Robert Lever, much admired former teacher at the European School of Osteopathy, here reflects on the central issues for osteopathy that he explores in greater detail in his forthcoming book: At the Still Point of the Turning World – the Art and Philosophy of Osteopathy.
The profession of osteopathy has known many challenges over its 130 year history. Some of these have been political, some academic, but they have all contributed to issues relating to identity, scope and method. These struggles persist to this day and the irony is that they are, to some extent, perpetuated by members of the profession itself, creating much healthy discourse at best, and destructive argument at worst.
Not only has the practice of osteopathy become stereotyped in the public mind to resemble various manual treatment methods with which it shares few conceptual ingredients; it is frequently represented by its own practitioners in such varying hues that it begins to look like a panoply of entirely different disciplines with very little consensus or coherence.
Osteopathy as a discipline is large enough to incorporate a variety and multiplicity of approaches, but all too often its exponents have struggled to discover their common ground or celebrate their differences, instead favouring an attitude of exclusivity or superiority. If for political reasons this is coupled with the tendency to have osteopathy conform to the ‘orthopaedic end’ of conventional medicine, the essence of Still’s message gets lost or overwhelmed.
This conundrum finds a parallel in a more general cultural crisis that resides in argument over science versus spirituality, and the potential for these two fields of human enquiry to be reconciled. Many feel optimistic about such a convergence, whilst others remain focussed on dichotomy and polarised argument.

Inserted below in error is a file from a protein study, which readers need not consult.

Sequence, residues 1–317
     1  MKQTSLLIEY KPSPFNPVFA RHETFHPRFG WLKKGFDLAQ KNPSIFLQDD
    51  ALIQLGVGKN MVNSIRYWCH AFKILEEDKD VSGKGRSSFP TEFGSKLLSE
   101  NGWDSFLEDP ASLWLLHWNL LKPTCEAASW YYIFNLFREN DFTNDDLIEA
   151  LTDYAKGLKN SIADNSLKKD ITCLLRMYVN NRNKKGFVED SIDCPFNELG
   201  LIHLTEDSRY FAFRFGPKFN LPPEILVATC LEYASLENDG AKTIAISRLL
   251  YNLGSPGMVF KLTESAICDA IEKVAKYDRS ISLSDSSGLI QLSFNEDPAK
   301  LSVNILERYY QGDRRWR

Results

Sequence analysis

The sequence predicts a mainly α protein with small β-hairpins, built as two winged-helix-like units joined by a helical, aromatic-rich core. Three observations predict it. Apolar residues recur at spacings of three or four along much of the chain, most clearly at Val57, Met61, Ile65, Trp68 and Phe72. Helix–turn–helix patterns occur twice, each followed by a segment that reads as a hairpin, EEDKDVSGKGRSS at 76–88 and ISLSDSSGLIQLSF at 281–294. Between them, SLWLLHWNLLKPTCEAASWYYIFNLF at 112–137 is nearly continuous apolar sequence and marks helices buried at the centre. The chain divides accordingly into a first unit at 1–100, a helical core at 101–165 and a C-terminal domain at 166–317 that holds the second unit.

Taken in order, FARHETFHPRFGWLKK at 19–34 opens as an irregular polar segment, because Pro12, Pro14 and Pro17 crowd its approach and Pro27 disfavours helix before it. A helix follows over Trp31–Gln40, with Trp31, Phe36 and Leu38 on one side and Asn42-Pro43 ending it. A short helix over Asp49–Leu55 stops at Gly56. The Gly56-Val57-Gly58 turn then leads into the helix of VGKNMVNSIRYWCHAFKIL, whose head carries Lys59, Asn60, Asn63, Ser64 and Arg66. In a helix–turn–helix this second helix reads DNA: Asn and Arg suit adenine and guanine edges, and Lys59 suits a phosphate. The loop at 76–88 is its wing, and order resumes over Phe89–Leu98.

Perhaps it has taken the emergence of quantum theory to demonstrate that science can accommodate qualities we’ve come to associate with ‘spirit’ and vice versa; a convergence of objective and subjective, matter and consciousness, in a world more holistically conceived and a sense of reality based on experience as well as logic and analytical thought.
The art of medicine stands to benefit from such a convergence in that its skills, however technically based, are immeasurably enhanced by the human interactive qualities that can be engendered by a truly ‘listening’ attitude. Osteopathy is not the only discipline that gives expression to such an attitude but, at its best, it can exemplify it to perfection.
The field of healthcare has a responsibility to move towards a mode of practice that emphasises uniqueness in three respects: the patient and their particular clinical presentation, the sole or supervising clinician and their particular diagnostic and therapeutic skills, and the quality of the interaction between the two. To permit these unique aspects to express themselves more fully is to encourage a more complete expression of the art of healing.
Robert Lever, February 2013